No Culture without Copies – An Interview with Dirk von Gehlen
In his book “Mashup – Lob der Kopie” (i.e., Mashup – In Praise of the Copy), the journalist Dirk von Gehlen describes the copy as a fundamental cultural technique. An interview about good copies, the dispute about copyright and possible solutions.
Your book is subtitled “In Praise of the Copy”. What is good about copying – or what is a good copy?
Everything (laughs). The aim of the book was to help improve the image of the copy. I’ve noticed that we almost always assess the copy negatively, but that we really can’t do without it. It starts with the fact that we learn all our basic skills – language, writing – by watching others perform them. A second important aspect of the book is that only digital copies have made it possible to detach contents from their data carrier and duplicate them free of charge without loss. This turns everything we’ve previously had of art, culture and business models upside down. I wanted to merge these two strands – and from a very partisan perspective, from which I say: I think that’s all good and every commendable.
Global fee system as solution
Absolutely. But what’s now happening is that an activity is being criminalized which has become normal and everyday for many people. The decisive question for me is: Do we want to continue to crackdown on digital copies? Or should we rather find solutions that work with digital copies? We already had a similar situation with the introduction of the tape cassette. Back then it was decided to exempt copying from punishment and instead to introduce a global fee system. This is a fundamental principle that we should, in my opinion, apply to digital space. In Germany there have been some preliminary proposals such as those of the culture market of the Chaos computer club or the culture flat rate.
Another alternative to traditional copyright you mention in your book is the so-called Creative Commons licenses.
Strictly speaking, Creative Commons licenses aren’t an alternative, since this license model is based on copyright. Nor do they solve the basic problem that digital copying has put people in the position to do things which were impossible when copyright was created. For example, digitalization has made people into artists, creators and producers who aren’t that at all as such. Anyone can publish something today. Moreover, you can entertain serious doubts whether it’s the digital copy that is destroying the old business model. Before, to hear a song, I had to buy a whole album. Today I no longer buy an album for € 9.90 but rather download the song for 99 cents. The turnover has plummeted here by a factor of 10. You don’t have to have studied business administration to see that something has changed.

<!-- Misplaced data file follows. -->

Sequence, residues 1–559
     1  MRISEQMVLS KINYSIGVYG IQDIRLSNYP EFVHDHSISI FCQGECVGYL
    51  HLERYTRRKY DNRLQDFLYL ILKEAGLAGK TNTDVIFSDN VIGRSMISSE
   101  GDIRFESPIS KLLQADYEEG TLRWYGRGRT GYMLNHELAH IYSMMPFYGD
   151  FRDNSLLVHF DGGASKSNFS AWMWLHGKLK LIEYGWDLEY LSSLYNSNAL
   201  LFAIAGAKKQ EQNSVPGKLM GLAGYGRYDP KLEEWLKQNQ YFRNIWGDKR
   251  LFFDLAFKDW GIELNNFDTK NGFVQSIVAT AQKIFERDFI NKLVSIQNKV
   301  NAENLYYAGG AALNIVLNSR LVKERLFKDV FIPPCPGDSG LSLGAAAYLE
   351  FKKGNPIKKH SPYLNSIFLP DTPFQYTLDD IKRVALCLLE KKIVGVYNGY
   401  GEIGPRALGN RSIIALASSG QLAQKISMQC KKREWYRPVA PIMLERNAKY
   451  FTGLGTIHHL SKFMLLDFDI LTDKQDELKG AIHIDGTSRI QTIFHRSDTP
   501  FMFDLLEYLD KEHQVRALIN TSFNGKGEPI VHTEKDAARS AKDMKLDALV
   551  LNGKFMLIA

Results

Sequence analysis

Competition for GEMA
GEMA is an example of a global fee system, and I ought to be its biggest fan. But it’s a very fossilized organization, which has to be criticized on many points. The fee system of GEMA should be made more transparent, and not only artists, who already earn quite a lot, must have a say. Right now there are plans for a competing organization, the C3S. This is a collecting society based on Creative Commons. Perhaps competition from the C3S can manage to modernize GEMA and make it more transparent.
We associate terms such as “mashup” and “remix culture” mainly with music. Can they be applied to other areas?
The basic idea of mashups and remixes is to combine familiar things into something new. This takes place in many areas. There are some great mashups on the internet – for instance, when information from Google Maps is linked to text content, and there are also mashups in literature and film. I go so far in the end as to advance the thesis that our whole culture is based on this fundamental idea.
Art and culture as softwareYou’re now working on a new book with the title: “Eine neue Version ist verfügbar” (i.e., A New Version Is Available). What is it about?
The discussion so far is almost always carried on in one direction: how can we stem the digital copy? I want to pose the question: how can we use digital resources to mould art and culture positively in a forwards-oriented way? My suggestion is to think of art and culture as software. As something that there are different versions of and that is constantly changing. I want to lay bare this process of change by publishing different versions of the book. The whole thing will be financed by a crowd funding platform where I ask readers to pay for the book in advance. They will then be integrated into the creative process and can comment on it. I may fail in a big way, but even so I’ll have learned a lot. In my view there’s been far too little courage to fail in the discussion up to now. If you do only what has worked so far, you’ll never take new paths.
Dirk von Gehlen, born 1975, is chief editor of Jetzt.de and social media editor at the “Süddeutsche Zeitung”. In his book “Mashup – Lob der Kopie” (i.e., Mashup – In Praise of the Copy) (Suhrkamp-Verlag 2011), he argues for improving the image of the copy and against its criminalization.